Hilton houses Katrina workers

Wednesday, February 1, 2006

NEW ORLEANS--Service manager Mike Breecher no longer has to run the New Orleans office operation from his home in Baton Rouge, and he no longer has to hitch a trailer to his car to truck 3,000 pounds of batteries into the city. Things, he said, are slowly getting back to normal at the SimplexGrinnell office here.
As he looks back over the five months since Hurricane Katrina slammed The Big Easy, Breecher says he's thankful for the generosity of his coworkers, who "made donations and sent boxes of clothing and toys" to New Orleans, and also to Hilton Hotels, which provided rooms and meals for displaced workers enabling them to keep working immediately after the storm.
"When the hurricane hit, most technicians lost their homes and had to leave the area," said Mike Lohr, director of service marketing at SimplexGrinnell. Workers took refuge with friends and family outside of the city or went to work temporarily in the Houston office. Most, however, wanted to be back in New Orleans where their services were greatly needed.
"There was an extended period of power outage, flood damage, humidity, mold and other kinds of environmental damage to businesses," Lohr said. "We needed to get back in [to our customers' buildings] to make sure the fire and life safety systems were functioning properly."
Housing for workers was a major issue until Hilton Hotels, a business partner with two properties in the city, offered to help.
"They bent over backwards for us. They got two rooms for 30-day blocks that enabled us to bring some workers back from Houston," Lohr said.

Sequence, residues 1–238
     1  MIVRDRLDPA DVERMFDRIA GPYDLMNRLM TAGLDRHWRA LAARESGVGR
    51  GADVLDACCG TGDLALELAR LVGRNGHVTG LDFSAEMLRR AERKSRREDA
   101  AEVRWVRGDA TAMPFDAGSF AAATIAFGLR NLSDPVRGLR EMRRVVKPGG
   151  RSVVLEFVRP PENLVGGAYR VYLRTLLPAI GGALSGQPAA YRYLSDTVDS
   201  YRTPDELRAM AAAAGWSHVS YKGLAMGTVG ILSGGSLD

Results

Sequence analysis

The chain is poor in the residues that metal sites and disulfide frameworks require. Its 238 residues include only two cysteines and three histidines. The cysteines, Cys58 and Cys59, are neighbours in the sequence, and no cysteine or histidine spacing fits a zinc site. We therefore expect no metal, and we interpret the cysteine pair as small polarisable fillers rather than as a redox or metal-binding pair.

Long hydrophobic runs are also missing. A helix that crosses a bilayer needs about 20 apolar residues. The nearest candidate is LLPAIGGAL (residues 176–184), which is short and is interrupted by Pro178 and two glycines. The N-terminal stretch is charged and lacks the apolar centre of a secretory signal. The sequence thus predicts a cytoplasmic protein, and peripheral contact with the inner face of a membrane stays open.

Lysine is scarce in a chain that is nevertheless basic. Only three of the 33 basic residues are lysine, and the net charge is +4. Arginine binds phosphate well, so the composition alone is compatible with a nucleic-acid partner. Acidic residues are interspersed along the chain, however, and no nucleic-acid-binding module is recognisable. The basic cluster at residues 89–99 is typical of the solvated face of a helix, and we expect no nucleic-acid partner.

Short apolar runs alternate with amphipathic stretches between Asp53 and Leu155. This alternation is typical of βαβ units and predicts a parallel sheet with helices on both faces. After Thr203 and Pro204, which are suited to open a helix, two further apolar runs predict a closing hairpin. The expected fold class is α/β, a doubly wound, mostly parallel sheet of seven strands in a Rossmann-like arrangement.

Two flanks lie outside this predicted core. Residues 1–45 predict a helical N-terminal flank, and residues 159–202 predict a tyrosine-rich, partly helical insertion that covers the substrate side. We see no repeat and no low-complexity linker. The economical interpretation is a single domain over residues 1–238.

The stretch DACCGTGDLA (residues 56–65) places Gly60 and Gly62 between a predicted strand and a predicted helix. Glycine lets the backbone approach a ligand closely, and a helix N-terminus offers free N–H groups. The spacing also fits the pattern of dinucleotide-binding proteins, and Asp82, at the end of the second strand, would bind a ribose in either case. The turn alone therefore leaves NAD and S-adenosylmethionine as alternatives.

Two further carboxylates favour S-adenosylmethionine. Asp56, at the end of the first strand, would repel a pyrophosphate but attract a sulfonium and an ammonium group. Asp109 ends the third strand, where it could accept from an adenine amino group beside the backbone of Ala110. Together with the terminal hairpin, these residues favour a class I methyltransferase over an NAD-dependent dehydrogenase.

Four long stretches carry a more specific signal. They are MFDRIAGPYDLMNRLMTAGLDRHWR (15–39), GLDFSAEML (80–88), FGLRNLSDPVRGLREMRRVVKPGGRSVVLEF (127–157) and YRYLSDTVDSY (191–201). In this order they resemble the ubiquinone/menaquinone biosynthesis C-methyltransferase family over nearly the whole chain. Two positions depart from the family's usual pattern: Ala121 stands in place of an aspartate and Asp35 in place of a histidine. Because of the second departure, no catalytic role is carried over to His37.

Various technicians used the rooms over three months. The rooms cut down on the travel time for technicians who alternated between stays in the hotel and stays outside the city with friends and family.
Because of a curfew, emergency workers, such as the SimplexGrinnell technicians, had to be escorted into the city by Federal Emergency Management Agency personnel. Commuting into the city was "a disaster," Beecher said. "You couldn't get into the city on the interstate without a special permit."
The Westminster, Mass., SimplexGrinnell office contacted "the existing base of customers to see if they were okay and to see about getting their system checked out," said Chris Woodcock, director of marketing for SimplexGrinnell.
Many businesses are simply gone, Beecher said. Yet, New Orleans is planning a scaled-back Mardi Gras celebration this year and surviving businesses, including Beecher's group, are working overtime, "to get commerce going again," he said.